Alpha activity in major depressive disorder: hemispheric laterality and beyond

2017-05-19T02:30:03Z (GMT) by Segrave, Rebecca Anne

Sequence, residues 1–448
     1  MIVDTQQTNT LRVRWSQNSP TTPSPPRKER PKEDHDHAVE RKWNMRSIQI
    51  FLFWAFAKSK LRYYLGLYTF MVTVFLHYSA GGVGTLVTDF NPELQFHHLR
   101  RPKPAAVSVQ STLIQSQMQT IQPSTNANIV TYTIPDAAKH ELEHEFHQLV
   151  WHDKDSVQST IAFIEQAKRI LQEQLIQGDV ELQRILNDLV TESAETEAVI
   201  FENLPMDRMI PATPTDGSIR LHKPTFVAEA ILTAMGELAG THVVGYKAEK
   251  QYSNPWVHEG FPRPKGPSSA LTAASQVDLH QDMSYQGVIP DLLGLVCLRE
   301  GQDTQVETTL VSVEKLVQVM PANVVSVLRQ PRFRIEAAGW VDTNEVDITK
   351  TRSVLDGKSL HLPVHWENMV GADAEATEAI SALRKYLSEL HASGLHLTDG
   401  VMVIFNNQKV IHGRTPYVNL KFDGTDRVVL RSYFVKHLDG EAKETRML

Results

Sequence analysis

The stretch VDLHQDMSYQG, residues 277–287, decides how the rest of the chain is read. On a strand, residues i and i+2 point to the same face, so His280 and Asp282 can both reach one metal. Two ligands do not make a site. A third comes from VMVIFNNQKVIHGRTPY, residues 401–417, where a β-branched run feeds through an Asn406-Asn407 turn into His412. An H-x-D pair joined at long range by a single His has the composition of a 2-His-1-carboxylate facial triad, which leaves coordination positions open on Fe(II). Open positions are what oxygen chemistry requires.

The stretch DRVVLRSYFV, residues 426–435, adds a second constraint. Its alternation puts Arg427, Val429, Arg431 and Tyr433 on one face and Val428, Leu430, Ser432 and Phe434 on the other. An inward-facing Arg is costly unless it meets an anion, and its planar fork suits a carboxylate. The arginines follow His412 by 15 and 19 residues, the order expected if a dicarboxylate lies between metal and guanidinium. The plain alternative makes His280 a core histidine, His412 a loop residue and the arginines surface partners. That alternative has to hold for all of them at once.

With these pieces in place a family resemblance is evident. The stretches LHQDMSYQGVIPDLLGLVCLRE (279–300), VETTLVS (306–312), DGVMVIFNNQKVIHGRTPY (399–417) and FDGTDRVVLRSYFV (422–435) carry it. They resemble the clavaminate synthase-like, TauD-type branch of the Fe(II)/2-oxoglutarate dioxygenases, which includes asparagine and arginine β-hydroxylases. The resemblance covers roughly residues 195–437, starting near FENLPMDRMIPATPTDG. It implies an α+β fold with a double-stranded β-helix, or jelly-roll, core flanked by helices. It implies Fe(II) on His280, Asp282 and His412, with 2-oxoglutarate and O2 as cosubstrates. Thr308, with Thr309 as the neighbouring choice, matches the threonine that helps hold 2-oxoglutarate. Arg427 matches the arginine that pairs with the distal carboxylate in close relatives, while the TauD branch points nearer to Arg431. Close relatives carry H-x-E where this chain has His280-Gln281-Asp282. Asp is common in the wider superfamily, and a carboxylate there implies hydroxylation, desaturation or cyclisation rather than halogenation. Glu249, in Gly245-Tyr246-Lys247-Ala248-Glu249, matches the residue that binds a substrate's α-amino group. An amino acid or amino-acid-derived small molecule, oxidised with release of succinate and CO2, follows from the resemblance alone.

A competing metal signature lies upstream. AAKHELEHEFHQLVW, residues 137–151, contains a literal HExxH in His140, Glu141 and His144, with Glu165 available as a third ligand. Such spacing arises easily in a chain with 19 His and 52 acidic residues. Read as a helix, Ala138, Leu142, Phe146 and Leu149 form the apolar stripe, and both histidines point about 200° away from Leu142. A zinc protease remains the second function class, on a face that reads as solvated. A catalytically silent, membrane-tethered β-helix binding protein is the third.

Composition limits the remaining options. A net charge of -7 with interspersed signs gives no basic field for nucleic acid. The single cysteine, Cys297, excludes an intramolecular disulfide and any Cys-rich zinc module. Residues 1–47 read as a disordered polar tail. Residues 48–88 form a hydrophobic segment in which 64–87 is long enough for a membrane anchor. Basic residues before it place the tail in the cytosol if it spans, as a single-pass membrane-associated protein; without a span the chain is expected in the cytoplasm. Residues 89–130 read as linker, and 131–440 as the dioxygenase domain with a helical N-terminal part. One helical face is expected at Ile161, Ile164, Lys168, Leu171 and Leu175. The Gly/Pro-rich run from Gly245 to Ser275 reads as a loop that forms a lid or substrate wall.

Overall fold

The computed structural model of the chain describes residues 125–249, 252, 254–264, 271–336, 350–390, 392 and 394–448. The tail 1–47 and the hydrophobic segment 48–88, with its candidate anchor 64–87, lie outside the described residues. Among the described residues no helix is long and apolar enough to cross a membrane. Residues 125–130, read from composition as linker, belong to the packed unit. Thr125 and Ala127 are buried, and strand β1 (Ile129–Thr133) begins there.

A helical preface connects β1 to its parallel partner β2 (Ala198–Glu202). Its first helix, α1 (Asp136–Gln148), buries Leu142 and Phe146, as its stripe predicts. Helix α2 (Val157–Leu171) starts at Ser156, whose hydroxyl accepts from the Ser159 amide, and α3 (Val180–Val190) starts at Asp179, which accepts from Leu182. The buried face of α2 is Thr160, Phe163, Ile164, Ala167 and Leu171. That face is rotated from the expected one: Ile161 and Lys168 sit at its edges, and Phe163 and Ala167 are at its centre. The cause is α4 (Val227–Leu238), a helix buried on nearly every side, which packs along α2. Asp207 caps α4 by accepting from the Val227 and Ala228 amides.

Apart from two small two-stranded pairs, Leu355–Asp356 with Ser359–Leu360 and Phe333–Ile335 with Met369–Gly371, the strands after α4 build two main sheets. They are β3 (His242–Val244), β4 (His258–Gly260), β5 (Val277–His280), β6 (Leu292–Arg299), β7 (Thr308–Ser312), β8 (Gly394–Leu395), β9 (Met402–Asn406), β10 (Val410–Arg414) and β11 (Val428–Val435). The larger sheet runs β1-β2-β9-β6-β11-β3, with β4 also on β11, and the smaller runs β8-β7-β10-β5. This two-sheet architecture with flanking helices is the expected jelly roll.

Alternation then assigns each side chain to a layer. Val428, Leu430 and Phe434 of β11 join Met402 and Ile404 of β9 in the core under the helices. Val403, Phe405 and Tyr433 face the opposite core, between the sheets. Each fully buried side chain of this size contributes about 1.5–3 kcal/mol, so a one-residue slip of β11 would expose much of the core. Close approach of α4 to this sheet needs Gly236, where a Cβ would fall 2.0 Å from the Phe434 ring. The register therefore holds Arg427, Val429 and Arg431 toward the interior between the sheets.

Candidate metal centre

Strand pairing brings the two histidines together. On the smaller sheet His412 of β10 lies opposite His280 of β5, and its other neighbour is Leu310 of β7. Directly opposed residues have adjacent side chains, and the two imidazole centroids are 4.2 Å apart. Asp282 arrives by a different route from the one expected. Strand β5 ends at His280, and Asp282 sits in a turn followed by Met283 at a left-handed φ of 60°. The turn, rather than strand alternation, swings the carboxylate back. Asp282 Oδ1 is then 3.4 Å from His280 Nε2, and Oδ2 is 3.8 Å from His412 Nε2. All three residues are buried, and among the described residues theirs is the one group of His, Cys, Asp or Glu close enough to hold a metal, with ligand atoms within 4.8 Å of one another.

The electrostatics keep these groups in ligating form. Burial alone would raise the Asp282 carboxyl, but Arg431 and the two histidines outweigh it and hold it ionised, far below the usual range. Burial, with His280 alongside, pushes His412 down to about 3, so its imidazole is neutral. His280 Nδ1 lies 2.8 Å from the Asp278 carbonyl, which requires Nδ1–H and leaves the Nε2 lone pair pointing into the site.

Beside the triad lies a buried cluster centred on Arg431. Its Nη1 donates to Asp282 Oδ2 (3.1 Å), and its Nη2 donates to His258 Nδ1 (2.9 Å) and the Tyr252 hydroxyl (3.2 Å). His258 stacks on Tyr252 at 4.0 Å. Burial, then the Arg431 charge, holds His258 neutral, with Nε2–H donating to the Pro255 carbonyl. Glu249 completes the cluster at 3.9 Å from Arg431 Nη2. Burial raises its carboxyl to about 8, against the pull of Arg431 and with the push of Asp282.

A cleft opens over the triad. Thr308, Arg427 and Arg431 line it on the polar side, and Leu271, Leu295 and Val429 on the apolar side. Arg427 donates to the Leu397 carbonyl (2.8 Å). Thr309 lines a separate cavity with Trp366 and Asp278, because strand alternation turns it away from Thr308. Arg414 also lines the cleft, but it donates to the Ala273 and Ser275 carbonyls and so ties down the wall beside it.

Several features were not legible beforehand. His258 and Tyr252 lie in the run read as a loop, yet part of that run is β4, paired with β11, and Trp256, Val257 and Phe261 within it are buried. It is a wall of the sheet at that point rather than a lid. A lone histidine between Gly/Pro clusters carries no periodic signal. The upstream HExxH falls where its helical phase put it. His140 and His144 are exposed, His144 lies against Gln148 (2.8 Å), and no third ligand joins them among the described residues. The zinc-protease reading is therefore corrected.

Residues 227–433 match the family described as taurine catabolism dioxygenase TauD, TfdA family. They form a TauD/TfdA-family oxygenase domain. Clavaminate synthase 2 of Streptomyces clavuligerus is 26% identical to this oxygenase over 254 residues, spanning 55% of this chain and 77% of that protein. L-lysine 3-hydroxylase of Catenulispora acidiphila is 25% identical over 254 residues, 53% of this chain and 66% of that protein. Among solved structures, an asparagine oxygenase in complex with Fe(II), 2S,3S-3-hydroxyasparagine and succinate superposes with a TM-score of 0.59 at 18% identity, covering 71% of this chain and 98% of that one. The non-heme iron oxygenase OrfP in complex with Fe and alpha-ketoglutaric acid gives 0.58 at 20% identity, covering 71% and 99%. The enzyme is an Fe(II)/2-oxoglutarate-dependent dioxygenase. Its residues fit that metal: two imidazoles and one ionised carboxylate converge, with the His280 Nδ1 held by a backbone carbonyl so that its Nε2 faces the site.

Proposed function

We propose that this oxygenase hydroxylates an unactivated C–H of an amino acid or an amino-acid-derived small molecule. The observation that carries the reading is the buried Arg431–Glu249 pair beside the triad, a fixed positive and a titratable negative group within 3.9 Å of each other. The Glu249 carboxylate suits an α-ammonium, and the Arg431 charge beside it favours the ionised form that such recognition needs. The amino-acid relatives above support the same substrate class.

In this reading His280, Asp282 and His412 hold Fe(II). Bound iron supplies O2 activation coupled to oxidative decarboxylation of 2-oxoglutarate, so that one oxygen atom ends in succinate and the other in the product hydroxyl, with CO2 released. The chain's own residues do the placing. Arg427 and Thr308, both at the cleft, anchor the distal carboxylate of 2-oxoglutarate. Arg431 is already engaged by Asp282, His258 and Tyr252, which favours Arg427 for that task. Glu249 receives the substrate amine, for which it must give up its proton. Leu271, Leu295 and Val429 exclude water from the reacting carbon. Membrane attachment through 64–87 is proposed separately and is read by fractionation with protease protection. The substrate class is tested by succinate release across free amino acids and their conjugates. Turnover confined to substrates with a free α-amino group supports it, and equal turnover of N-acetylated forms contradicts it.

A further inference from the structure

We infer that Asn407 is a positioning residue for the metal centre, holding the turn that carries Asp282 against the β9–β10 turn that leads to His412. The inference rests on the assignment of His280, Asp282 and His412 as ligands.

Numerous EEG investigations into major depressive disorder (MDD) have documented a lateralised imbalance in resting-state alpha activity over prefrontal regions. This pattern has been has been interpreted in the context of theories of hemispheric laterality and emotional processing and is thought to reflect an aberrant affective processing style. Anterior alpha asymmetry is discussed extensively in the biological psychiatry literature and has had a practical influence in the way that MDD is treated with brain stimulation techniques. However, a number of studies have failed to detect lateralised differences in alpha activity in MDD and the prevalence and significance of alpha asymmetry in MDD remain unclear. Relatively recent methodological and theoretical advances may shed light on the associations between aberrant alpha activity and MDD. Methods have been developed that enable delineation of personalised alpha bands based upon individual electrophysiological characteristics. In addition, the traditional conceptualisation of alpha being inversely related to cortical activity has been revised, and there is evidence to suggest that there may be multiple functionally distinct subbands within the broader alpha range which are uniquely sensitive to different aspects of cognition. The current thesis aimed to revisit and extend upon previous findings of abnormal alpha activity in MDD. A series of studies were conducted to determine whether a) the application of individualised alpha bands or narrow alpha subbands provide a more sensitive measure of resting-state anterior alpha asymmetry in MDD, and b) whether, when considered in the context of revised theoretical perspectives, investigation of activity in narrow alpha subbands during active cognitive processing could more directly establish relationships between electrophysiological abnormalities and specific aspects of depressive psychopathology. The aims of this thesis were achieved. It was shown that resting anterior alpha asymmetry does not reliably differentiate between healthy and depressed individuals, irrespective of whether fixed, individualised, broad or narrow alpha bands are applied. The results further indicated that during active cognitive processing, activity within specific alpha subbands is sensitive to altered working memory systems and affective information processing biases in MDD. The findings have uncovered new associations between neural oscillations and cognitive and emotive symptoms in MDD, and have implications for ongoing EEG research into this devastating mental illness.